Daily Routines of Creative People

When we’re talking about writing, we often suggest that a regular routine is best. That routine doesn’t, however, have to be one that fits into a neat 9-5 day. As the following examples show, the routines adopted by some of history’s most creative people, vary widely.

Visualisation of creative routines

Some are more 9-5… Maya Angelou worked regularly from 7 a.m. to about 3 p.m., and then took a break, doing about a half hour’s more work at 7.30 p.m.

Some, though, are very different. Honoré de Balzac, for example, did most of his creative work between 1 a.m. and 8 a.m., had an hour’s snooze, and then worked again from 9 a.m. until about half past three in the afternoon.

Charles Dickens worked only in the morning, spending the afternoon tramping for miles around London and in the countryside soaking up the atmosphere that he then wrote into his prose.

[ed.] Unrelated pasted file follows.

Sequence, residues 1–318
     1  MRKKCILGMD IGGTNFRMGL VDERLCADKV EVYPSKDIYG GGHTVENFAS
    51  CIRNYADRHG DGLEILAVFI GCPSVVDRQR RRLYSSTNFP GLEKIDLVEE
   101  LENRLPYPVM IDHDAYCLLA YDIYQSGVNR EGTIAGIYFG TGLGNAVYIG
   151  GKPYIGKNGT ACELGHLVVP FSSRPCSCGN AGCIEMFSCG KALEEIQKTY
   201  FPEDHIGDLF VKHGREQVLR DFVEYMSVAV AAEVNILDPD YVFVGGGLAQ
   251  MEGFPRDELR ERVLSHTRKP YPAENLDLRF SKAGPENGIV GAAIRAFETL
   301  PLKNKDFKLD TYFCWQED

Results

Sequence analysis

Voltaire, on the other hand, appears to have done little else but work, sleeping only 4 hours a night, and pausing only briefly to eat.

And in terms of working environment, they differ too. While Dickens wrote in absolute silence in his study, Angelou wrote only in hotel rooms. John Milton was blind by the age of 40, and so dictated his work. W. H. Auden (and this is one that, even as much as we encourage productivity and focus, we probably wouldn’t recommend) took a daily dose of Benzedrine to aid his concentration.

Visualisation of daily routines

What’s your routine? And your own working practice?

(note – Due to copyright restrictions, these images are screengrabs. But various versions of these have proliferated online, so you’ll find alternative, or better quality versions by simply searching for ‘Daily Routines of Creative People’). 

 

 

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